Here we should note that the above results are similar for white and non-white respondents alike—even if not always to the same degree. One relationship that is necessarily exclusive to whites, though, is that between exposure and white guilt, which is shown in the chart below. Whereas 39 percent of whites who did not report any CRT-related classroom exposure indicated feeling “guilty about the social inequalities between white and black Americans,” this share rises to about 45 percent among whites who reported being taught one or two CRT-related concepts, and to between 54 percent and 58 percent among whites who reported being taught three or more concepts.
These findings indicate that those reporting being taught more CRT-related concepts are more likely to endorse negative moral appraisals of and to view white Americans as responsible for black disadvantage. Among whites, greater CRT exposure is also linked to higher levels of guilt over racial inequality. Finally, and perhaps consequently, greater CRT exposure predicts a higher likelihood of both white and minority young people supporting race-conscious policies that afford preferential treatment to African-Americans. The same is true for gender. Among those that were taught that gender is a choice, 53 percent say “the gender we identify with is more socially given than determined by our biology” compared with 40 percent of those who were not taught this, a significant difference. Those taught about gender as an identity are more likely to view it as detached from biological sex.
While we can’t be certain that exposure causes attitude change—those with progressive attitudes could have had parents more likely to select into schools where CRT is taught (or to recall being exposed to it)—we used data from a person’s zip code and county (rurality, diversity, education, voting patterns) that make such competing explanations unlikely. We can also rule out the possibility that these relationships are the product of alternative explanatory factors in our dataset.
While only scratching the surface of what will feature in the full report, our findings have several important takeaways.
First, the claim that CRT and gender ideology are not being taught or promoted in America’s pre-college public schools is grossly misleading. More than nine in ten of our respondents reported some form of school exposure to at least some CRT-related and critical gender concepts, with the average respondent reporting being taught in class or hearing about from an adult at school more than half of the eight concepts we measured. Eight in ten reported being taught in class at least one concept central to CRT and contemporary left-wing racial ideology, with the average respondent reporting being taught two of the five we listed. A majority were taught radical gender ideas. Given the sheer size of these numbers, the promotion and teaching of “white privilege” and “systemic racism” in America’s public schools can hardly be regarded as a rare or isolated phenomenon. It is the experience of a sizeable share of pre-college students.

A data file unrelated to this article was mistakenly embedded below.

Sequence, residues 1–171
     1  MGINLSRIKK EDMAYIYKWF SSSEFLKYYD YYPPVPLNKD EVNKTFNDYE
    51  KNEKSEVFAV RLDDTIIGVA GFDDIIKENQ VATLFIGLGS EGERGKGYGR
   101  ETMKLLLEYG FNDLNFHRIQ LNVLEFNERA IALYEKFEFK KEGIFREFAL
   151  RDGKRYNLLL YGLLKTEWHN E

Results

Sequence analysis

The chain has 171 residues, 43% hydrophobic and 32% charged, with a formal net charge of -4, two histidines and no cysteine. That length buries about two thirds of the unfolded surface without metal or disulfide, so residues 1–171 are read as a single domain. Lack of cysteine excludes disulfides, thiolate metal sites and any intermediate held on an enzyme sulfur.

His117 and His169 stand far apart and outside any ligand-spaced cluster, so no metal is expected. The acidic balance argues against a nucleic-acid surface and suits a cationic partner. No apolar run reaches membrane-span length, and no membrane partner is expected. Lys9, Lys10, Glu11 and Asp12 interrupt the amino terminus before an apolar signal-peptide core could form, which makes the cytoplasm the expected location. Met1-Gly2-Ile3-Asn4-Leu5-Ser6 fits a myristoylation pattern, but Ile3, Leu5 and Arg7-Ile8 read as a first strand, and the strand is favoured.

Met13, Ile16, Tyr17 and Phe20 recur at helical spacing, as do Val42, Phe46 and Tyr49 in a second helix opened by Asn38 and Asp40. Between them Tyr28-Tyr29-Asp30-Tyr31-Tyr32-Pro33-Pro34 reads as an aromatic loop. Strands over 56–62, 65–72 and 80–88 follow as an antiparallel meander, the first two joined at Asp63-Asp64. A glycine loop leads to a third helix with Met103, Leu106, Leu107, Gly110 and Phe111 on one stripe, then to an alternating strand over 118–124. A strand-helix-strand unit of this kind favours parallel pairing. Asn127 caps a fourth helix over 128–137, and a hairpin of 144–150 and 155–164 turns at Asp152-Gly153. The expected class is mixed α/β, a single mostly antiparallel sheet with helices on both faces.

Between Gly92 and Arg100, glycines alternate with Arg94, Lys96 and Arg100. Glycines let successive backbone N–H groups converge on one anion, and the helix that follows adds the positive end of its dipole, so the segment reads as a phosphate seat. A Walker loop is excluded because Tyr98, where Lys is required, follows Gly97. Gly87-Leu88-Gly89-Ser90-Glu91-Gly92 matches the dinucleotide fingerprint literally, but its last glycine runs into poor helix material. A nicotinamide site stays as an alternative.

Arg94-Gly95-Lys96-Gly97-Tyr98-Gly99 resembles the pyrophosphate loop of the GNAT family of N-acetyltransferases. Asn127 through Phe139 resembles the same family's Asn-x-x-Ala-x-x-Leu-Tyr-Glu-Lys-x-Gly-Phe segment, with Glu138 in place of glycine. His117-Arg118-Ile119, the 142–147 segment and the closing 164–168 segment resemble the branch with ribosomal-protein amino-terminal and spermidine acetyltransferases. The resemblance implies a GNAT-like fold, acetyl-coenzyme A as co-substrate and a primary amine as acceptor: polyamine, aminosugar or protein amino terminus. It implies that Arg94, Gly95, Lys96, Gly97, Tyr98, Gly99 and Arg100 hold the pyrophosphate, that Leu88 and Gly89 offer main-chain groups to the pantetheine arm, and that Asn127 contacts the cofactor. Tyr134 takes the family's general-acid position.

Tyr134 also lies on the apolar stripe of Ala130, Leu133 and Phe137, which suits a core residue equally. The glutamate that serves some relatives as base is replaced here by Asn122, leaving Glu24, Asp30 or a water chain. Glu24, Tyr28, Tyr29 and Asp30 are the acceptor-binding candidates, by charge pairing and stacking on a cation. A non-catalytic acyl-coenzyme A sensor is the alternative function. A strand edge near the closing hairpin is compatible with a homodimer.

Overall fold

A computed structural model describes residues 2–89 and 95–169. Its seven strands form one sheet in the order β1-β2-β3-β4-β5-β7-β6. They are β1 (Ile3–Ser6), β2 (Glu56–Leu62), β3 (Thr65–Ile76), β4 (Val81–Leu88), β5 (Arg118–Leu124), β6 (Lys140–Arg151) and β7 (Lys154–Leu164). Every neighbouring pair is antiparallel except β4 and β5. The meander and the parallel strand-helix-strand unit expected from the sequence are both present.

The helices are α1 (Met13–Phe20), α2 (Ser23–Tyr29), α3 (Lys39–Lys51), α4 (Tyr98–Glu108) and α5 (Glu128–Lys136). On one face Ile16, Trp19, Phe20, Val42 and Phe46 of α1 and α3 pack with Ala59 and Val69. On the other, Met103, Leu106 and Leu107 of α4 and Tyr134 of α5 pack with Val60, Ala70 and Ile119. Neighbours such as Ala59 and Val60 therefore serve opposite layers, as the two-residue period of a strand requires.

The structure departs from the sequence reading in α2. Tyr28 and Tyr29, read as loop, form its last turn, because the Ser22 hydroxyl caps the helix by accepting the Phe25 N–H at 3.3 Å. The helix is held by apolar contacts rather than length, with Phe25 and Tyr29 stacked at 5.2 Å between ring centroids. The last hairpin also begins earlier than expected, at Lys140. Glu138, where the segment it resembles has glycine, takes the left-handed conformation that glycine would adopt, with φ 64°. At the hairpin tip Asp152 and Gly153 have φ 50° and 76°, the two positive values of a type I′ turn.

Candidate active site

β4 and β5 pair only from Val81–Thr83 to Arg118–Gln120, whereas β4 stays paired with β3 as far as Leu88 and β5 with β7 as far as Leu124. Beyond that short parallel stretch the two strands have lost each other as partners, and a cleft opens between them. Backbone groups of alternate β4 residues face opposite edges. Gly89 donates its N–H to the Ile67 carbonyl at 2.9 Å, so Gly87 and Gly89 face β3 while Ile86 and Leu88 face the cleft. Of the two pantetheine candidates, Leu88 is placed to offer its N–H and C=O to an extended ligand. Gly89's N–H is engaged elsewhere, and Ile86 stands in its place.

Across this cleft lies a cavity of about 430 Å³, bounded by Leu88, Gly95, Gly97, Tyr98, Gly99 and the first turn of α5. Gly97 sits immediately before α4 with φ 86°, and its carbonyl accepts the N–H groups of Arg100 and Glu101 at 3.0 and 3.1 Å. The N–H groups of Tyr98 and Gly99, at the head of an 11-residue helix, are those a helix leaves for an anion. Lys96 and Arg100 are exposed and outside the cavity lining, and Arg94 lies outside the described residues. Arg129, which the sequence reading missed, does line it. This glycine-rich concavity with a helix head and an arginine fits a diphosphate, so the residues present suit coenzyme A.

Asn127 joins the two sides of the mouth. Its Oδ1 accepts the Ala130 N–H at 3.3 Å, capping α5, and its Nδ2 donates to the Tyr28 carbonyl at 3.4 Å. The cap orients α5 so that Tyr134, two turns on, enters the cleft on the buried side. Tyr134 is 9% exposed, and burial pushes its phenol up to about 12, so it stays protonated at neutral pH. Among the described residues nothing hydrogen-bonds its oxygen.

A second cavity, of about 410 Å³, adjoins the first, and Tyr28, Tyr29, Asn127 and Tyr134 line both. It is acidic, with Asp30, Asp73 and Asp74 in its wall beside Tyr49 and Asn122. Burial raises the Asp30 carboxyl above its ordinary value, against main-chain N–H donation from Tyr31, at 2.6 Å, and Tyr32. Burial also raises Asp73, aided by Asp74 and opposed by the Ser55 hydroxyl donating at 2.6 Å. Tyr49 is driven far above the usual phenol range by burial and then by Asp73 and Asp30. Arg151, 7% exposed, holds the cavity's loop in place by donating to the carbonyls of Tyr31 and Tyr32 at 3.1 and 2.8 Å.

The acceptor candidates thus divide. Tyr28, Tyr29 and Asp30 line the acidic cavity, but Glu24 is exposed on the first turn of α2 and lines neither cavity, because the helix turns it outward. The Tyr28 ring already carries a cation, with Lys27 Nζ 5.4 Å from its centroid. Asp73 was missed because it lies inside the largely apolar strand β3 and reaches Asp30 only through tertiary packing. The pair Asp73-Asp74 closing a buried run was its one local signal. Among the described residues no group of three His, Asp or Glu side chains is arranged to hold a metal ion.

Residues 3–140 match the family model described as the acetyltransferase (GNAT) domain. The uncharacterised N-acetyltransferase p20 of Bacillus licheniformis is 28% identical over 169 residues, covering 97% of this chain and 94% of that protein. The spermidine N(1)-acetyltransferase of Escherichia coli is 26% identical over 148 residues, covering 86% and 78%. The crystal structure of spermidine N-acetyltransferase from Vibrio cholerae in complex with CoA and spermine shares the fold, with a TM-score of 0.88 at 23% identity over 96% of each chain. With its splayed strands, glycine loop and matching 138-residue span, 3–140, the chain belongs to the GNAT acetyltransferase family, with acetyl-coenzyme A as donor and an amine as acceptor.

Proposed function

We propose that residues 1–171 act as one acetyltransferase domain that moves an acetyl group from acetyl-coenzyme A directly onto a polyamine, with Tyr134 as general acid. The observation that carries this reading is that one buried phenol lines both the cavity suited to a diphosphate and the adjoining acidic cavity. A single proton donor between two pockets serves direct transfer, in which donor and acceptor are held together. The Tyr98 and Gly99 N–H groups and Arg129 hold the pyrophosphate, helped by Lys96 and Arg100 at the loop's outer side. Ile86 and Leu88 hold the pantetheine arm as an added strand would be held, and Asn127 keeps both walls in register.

Second, educators are presenting CSJ ideas to students uncritically. If such concepts were presented only as perspectives—and in conjunction with competing others—then their introduction into the classroom could very well be defensible. But our data suggest that this is not the case. Instead, most are receiving them as undisputed “facts”—or at least facts only disputed by bigots and ignoramuses. This is indoctrination, and governments should act swiftly to put a stop to it. More-detailed policy recommendations must await the full report. But schools and teachers that wish to teach about these concepts should be given the option of either teaching the diversity of thought surrounding them or being barred from teaching them altogether.
Third, such biased instruction is effective. Our data show that those who report being taught CRT-related concepts are not only more likely to endorse them but are also more likely to blame white people for racial inequality, to essentialize white people as “racist,” and to support “equity-oriented” race-based policies. Among whites, we also observe higher levels of white guilt among those exposed to more CRT-related concepts.
Overall, then, our data would appear to confirm many of the fears of anti-CRT activists about such instruction. Anecdotes are borne out by our representative large-scale data.
Critical race and gender theory is endemic in American schools. The vast majority of children are being taught radical CSJ concepts that affect their view of white people, their country, the relationship between gender and sex, and public policy. For those inclined toward a colorblind and reality-based ideal, these findings should serve as a wakeup call. Unless voters, parents, and governments act, these illiberal and unscientific ideas will spread more widely, and will replace traditional American liberal nationalism with an identity-based cultural socialism.